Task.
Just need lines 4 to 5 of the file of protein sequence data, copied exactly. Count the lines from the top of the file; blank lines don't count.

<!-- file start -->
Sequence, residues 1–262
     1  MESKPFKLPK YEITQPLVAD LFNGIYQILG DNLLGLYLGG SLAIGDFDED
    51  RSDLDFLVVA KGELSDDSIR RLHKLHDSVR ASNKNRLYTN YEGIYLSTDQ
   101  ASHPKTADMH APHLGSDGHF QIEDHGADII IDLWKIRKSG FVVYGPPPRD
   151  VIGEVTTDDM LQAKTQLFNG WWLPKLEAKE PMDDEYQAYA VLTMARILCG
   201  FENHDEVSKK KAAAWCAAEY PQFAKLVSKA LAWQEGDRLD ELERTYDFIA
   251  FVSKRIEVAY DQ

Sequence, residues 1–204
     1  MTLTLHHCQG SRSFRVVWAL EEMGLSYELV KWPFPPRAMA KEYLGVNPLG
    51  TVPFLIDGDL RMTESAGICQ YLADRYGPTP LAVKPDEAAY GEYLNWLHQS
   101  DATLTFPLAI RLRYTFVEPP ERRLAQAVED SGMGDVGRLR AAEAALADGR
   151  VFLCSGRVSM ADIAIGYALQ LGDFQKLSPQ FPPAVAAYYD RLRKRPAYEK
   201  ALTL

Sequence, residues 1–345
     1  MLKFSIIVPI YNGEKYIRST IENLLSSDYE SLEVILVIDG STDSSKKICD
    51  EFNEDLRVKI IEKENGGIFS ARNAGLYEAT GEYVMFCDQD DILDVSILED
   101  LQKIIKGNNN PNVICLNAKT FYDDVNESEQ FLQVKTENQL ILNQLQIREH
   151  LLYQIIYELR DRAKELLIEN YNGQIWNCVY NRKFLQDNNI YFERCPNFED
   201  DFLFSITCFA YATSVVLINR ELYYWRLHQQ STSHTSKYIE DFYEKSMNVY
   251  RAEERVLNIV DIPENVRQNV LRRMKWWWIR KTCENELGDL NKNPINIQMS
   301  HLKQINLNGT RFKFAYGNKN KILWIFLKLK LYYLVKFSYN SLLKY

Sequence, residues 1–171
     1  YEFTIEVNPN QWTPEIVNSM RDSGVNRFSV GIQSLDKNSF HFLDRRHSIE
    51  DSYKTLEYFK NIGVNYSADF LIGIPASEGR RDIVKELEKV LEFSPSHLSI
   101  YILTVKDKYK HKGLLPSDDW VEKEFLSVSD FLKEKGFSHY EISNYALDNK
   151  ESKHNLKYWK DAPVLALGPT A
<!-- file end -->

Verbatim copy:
   101  ASHPKTADMH APHLGSDGHF QIEDHGADII IDLWKIRKSG FVVYGPPPRD
   151  VIGEVTTDDM LQAKTQLFNG WWLPKLEAKE PMDDEYQAYA VLTMARILCG